By now, everyone is familiar with the story of how Kansas City Chiefs safety Daniel Sorensen began the 2021 season as the team's second starting safety alongside All-Pro Tyrann Mathieu. The decision by defensive coordinator Steve Spagnuolo and head coach Andy Reid confused many, as Juan Thornhill was a younger, more athletic and likely better option at the time. For over a month, Sorensen received hefty snaps before finally being benched in favor of Thornhill heading into the Chiefs' Week 6 game against the Washington Football Team.
Since that point, the Chiefs' defense has made significant improvements. Of course, it's totally unfair to narrow a singular reason down to that aforementioned switch in personnel. Was it a part of the equation? Absolutely. Was Sorensen the only player struggling? Absolutely not. On Sunday against the Denver Broncos, another huge win for the Chiefs, Sorensen played 39 snaps — the most he'd logged since Week 5. He also had an interception return for a touchdown, letting out a great deal of emotion at the end of the play. After the game, Reid explained why he knew his veteran safety would eventually snap out of the funk he was in.
“He’s wired that way," Reid said. "That’s why the guys went crazy for him. They know. They know what he went through. You just knew he’d power through it, and you always hope they come out on the other end. So, we trusted that.”
Reid wasn't the only one who talked about Sorensen in postgame media availability. Mathieu, who has emerged as the heart and soul of the Chiefs' defense over the past few years, is known for his belief in and camaraderie with Sorensen. He's well aware of the harsh criticism that has gone his teammate's way this season, and he reiterated just how much Sorensen believes in the team helping him through a tough time on the field.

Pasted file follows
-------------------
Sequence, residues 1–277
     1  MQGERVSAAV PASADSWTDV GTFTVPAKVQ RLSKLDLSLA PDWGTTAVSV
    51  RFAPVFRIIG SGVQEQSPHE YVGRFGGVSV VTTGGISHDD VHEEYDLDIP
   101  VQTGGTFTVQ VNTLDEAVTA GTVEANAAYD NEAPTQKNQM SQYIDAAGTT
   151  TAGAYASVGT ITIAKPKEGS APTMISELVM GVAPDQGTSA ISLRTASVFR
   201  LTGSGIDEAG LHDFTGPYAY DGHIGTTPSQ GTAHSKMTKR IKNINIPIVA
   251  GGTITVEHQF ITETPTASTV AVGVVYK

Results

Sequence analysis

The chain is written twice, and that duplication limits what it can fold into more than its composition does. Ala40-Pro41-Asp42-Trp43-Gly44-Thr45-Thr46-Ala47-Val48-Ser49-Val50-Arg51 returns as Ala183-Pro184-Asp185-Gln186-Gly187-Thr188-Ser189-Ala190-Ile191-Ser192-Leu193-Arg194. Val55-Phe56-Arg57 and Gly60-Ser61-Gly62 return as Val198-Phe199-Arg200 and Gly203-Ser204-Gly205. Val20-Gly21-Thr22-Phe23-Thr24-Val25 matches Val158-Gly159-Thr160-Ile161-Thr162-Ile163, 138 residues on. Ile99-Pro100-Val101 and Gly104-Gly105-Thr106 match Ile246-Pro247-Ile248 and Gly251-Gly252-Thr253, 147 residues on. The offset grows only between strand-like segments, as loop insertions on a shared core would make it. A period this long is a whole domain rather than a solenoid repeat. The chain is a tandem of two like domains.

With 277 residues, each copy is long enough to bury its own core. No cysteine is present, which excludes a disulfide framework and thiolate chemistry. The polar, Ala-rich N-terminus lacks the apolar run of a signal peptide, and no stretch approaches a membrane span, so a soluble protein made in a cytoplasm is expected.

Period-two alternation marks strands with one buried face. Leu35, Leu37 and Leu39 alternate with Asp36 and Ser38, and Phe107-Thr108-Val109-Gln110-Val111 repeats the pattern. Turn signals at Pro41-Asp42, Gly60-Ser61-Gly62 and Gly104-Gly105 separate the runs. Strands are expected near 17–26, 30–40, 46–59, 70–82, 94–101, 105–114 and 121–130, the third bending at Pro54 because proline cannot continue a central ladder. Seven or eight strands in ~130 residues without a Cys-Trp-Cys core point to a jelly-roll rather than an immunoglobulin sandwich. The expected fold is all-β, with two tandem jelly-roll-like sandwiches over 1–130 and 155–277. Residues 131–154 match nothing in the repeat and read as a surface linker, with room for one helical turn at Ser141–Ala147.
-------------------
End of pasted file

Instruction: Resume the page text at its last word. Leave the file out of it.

"He took a lot of heat, man," Mathieu said. "It was good to see him make big plays like I know, like our team knows. We rely on him to do a lot. In our eyes he is a special player, a very smart player, a player who can do a lot of different things. It is good to see him have a lot of success under the bright lights. Dan is a team player, he is all about team. If you can focus on team you can get through some of the rough patches, which we all go through as players. He is the ultimate professional. Nothing has changed about him. He still does the same thing each and every day as far as routine. He is somebody to really count on.”
While Sorensen isn't a very athletic player, he's smart. While he can't keep up with the game's best, he works well when the play is in front of him. While he doesn't always have the best production on a per-snap basis, his big plays are as important as those of anyone else on the Chiefs. He's a key piece to the team's puzzle, and the trio of Spagnuolo, Reid and Mathieu knows it. Sorensen, despite all of the vitriol and unfair blame that's been thrown his way this season, is only focused on those he spends virtually every day around.
“I’ll be frank, absolutely zero," Sorensen said when asked how much attention he paid to outside noise during his slump. "I didn’t read a single article. I won’t read an article from tonight, either – what people say, good or bad. I don’t get on social media, I don’t read articles. I don’t care, frankly. The only people that I care about are the people in that locker room – coaches and players. We’re a family, we stick together, and we have each other’s backs. Good or bad, I could care less. I’m more focused on the next task."